(Lucca, 1798 – ibid., 1858). He studied grammar and rhetoric at the University of Lucca, also known as the “Public Educational Institute of San Frediano”. In 1820 he went to Rome to practise law and remained there for four years, at the end of which he returned to Lucca to take up the chair for the teaching of literature and Greek. In 1825, he married Teresa Martinelli who bore him four children. After admission in the following year to the Academy of Science, Literature and the Arts, he became its secretary. Following the publication in 1828 of a commentary on Pindar’s odes, he published Examples of Fine Prose Writing, 1829, and Examples of Fine Poetry Writing, 1830, establishing him as a significant representative of purist taste. In 1830 he entered the judicial system, first as a judge then as president of the Criminal Bar in Lucca, retaining only the chair in Greek. In 1837, he was appointed royal advocate and in 1845 Councillor of State. In 1847, he urged Duke Carlo Ludovico of Bourbon to a grant the Constitution: for this and for having pointed out the ills that afflicted society in Lucca at the time, he was relieved of his duties and his salary, which was restored to him at the request of the Grand Duke of Tuscany, Leopoldo II, who appointed him procurator general and head of the criminal division of the Lucca’s Royal Court.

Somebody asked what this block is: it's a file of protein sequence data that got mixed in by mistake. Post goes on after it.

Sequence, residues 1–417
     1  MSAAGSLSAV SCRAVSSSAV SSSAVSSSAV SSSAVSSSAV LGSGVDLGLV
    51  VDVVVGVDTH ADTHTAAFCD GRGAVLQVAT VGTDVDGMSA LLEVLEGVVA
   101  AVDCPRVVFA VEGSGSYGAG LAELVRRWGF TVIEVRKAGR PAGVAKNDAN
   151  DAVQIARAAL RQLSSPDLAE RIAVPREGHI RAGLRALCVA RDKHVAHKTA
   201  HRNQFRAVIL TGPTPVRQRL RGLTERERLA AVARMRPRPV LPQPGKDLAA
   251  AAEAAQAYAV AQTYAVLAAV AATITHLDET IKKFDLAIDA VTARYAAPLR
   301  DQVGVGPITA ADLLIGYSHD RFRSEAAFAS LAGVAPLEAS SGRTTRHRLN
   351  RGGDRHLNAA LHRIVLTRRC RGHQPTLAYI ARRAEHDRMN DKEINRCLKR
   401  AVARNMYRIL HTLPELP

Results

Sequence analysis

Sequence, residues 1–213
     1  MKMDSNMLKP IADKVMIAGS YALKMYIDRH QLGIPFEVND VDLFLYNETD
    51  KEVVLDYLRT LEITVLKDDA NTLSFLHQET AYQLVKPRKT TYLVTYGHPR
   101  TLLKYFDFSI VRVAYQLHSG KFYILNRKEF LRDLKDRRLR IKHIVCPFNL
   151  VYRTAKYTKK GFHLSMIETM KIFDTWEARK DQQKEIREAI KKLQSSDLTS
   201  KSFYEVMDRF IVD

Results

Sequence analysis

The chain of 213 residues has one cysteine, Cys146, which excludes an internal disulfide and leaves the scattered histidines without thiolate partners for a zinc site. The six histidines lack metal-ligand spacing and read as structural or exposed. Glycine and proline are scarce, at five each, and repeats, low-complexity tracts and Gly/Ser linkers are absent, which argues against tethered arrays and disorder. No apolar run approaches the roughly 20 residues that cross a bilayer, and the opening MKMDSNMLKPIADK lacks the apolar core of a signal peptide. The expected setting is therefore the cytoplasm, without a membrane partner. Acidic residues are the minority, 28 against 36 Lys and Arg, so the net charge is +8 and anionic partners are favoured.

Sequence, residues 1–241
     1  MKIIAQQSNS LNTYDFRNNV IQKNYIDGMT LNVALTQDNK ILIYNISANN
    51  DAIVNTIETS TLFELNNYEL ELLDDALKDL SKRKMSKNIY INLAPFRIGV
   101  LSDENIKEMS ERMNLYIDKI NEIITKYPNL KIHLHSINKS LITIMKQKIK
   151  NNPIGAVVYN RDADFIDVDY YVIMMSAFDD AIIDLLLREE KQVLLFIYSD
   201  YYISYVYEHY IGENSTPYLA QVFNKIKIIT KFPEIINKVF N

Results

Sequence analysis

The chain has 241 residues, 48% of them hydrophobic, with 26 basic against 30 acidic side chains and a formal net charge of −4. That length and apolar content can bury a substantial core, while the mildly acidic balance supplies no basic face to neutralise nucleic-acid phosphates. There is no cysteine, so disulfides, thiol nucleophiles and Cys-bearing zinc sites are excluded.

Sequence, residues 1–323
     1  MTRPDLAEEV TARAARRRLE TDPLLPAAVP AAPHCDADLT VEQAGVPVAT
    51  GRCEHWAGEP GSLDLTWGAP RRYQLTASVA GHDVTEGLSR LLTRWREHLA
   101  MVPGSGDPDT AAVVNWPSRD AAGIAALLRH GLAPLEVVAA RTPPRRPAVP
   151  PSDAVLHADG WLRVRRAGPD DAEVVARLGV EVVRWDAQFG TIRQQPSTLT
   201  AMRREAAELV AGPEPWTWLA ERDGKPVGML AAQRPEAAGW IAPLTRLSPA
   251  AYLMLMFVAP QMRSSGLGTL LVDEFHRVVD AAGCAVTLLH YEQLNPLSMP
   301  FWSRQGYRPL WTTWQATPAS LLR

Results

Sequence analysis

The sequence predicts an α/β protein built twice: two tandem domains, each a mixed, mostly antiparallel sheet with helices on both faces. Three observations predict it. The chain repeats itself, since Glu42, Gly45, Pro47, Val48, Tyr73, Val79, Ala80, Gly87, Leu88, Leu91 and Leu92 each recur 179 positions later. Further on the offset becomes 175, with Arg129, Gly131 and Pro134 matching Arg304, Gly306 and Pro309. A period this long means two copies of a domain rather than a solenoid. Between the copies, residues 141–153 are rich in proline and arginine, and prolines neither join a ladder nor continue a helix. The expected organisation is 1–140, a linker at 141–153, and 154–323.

Following his appointment as royal advocate in 1837, he became aware of how often crime was the result of poverty and lack of education: he wrote and read lectures on poverty to the Academy of Lucca in order to have refuges established for children and help provided both for education and for support of those in need.